It’s always refreshing to see a student who is not only passionate about their own education, but about ensuring education for others. Daniel Cano, a soon-to-be '16 alumnus from social policy and public service, is one such individual.

The California native understands the struggles many young people face getting access to education—as a first generation student himself, he hadn’t even considered going to college until his junior year in high school when he heard two other students discussing the campus tours they had taken. He draws on those experiences, and those of his friends and peers, to motivate him to help others.

“Everyone is born into different circumstances and everyone starts at a different point in the same race,” he says. “Some people have setbacks, and I want to help break down these barriers and elevate people to a more equitable space so everyone can have that access and that opportunity to achieve their potential.”

Through his double major in SPPS and psychology and social behavior, Cano has spent most of his time at UCI finding ways to assist underserved communities with resources and access to higher education. He is particularly passionate about helping Latino and first generation students, and conducted his field study work (a part of his SPPS curriculum) at the Save Our Youth (SOY) Center in Costa Mesa.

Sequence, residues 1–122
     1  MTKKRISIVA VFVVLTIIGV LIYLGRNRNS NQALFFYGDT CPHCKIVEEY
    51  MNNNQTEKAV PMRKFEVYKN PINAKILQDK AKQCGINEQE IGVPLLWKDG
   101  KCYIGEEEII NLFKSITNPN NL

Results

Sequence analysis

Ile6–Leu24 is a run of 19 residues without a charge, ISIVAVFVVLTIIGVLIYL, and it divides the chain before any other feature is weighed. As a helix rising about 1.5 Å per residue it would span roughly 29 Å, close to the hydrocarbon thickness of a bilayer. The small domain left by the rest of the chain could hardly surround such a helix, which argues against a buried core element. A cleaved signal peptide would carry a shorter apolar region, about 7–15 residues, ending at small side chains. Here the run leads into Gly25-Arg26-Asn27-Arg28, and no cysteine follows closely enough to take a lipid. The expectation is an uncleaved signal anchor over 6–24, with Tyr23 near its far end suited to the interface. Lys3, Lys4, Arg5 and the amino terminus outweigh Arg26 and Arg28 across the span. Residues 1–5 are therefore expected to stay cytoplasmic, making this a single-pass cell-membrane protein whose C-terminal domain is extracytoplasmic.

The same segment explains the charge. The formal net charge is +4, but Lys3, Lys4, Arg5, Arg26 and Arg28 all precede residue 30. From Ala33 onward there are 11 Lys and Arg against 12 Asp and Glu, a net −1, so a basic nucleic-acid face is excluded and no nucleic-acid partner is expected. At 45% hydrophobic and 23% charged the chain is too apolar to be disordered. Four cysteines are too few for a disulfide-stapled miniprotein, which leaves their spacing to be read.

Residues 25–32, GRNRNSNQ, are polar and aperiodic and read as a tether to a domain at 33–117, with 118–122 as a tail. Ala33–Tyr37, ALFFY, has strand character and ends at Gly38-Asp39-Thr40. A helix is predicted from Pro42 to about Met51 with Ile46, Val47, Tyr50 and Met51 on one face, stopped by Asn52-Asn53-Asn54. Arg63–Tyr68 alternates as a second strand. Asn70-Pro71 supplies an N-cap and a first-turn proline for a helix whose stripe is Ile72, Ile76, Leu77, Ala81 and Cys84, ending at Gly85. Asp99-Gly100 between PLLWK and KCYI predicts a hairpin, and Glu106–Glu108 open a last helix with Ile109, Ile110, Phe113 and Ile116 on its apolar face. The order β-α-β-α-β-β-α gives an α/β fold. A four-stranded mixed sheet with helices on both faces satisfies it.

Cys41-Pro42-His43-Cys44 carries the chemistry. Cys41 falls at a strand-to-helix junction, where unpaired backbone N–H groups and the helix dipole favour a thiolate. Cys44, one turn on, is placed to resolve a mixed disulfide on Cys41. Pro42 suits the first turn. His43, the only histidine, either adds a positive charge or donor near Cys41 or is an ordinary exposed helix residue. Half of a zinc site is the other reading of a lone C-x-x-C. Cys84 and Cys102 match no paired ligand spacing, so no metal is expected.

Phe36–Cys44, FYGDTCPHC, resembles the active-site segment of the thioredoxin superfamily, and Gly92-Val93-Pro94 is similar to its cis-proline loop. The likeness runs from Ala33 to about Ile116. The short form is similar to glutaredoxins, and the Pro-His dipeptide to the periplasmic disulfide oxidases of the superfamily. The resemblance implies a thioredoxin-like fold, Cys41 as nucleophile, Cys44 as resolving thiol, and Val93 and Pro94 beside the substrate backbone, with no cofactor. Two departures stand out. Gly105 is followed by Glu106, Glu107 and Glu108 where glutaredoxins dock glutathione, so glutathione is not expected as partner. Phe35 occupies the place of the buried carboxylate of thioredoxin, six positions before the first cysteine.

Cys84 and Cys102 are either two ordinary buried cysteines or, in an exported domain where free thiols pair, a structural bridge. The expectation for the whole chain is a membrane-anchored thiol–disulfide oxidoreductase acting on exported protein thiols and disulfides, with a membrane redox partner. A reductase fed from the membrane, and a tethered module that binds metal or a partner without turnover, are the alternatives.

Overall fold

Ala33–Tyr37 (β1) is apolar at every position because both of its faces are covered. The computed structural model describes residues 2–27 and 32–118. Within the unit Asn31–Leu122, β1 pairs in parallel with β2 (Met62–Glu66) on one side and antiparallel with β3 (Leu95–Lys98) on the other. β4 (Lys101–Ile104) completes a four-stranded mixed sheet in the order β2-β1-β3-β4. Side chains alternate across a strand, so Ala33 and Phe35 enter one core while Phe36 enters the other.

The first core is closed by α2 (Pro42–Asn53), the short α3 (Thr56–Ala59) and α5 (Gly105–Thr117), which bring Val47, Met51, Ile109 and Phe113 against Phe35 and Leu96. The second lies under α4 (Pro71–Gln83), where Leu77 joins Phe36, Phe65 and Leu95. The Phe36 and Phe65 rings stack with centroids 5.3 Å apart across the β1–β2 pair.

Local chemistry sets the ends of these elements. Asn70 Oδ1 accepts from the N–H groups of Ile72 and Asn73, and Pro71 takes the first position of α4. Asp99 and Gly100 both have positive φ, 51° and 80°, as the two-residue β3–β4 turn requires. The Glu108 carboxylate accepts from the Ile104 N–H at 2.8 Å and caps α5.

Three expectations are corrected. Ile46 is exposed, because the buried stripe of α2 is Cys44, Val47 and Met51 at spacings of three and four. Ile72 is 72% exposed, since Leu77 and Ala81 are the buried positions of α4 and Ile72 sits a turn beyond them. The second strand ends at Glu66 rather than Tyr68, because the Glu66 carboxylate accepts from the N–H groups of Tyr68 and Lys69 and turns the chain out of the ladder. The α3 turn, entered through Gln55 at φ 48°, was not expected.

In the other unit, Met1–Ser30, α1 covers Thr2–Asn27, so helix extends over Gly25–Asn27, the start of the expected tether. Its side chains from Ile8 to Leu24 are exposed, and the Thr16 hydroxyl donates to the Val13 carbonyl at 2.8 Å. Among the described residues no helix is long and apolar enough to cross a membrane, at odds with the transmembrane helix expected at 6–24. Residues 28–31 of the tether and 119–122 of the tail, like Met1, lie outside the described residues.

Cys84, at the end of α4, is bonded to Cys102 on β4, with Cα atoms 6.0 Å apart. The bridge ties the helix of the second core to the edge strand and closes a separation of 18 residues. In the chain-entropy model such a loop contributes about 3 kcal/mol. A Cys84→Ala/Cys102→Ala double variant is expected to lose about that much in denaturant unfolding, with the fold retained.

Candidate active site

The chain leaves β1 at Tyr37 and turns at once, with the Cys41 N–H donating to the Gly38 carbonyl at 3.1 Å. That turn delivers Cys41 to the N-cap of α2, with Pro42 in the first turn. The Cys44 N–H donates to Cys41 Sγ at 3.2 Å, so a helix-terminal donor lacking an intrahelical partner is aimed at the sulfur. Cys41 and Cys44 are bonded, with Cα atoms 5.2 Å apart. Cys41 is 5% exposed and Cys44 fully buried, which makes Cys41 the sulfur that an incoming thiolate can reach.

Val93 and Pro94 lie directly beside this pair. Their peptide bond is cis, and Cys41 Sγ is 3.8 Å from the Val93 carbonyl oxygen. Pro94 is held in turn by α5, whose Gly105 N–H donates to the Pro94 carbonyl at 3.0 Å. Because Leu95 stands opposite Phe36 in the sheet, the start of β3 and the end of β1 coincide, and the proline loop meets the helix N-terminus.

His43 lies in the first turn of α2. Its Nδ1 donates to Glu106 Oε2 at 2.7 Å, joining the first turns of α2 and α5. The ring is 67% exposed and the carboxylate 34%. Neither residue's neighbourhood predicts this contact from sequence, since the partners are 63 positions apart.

The nonprofit agency serves low-income and at-risk youth and offers a healthy environment for them to access mentoring, tutoring, and college preparedness resources. Since Cano received help from after school programs himself in high school, he was drawn to the thought of mentoring youth and helping them take advantage of educational opportunities. The center’s creative arts program was also a draw for the music-lover.

“In high school, I would produce music,” he says. “That was one of my hobbies. And, I never showcased that to the world. I just kept it to myself, instead of a diary. So for me to be able to tutor and instruct but also teach them about music composition or writing songs or poems—it let me put two passions together.”

Cano was able to channel that passion into a research paper, in which he examined the declining high school graduation rates of Latino males. In fact, that same paper earned him the SPPS Research Award last year, which recognizes SPPS majors who have done outstanding original research that addresses a social issue within education, health or governance.

Just this past fall, he was able to take his research interests across the country as a part of the UCDC program where he interned at the White House Initiative on Educational Excellence for Hispanics. As a student and intern, he was able to work hands-on with educational policy related to the Latino community, including writing policy memos. That part of the job, while difficult, offered invaluable writing skills and allowed him to experience the work that goes on behind policy changes.

“I definitely gained a lot of skills that I didn’t have previously,” he says. “I attended networking events and met a great people through the UCDC dorms—both from other UC schools and schools outside the UC system.”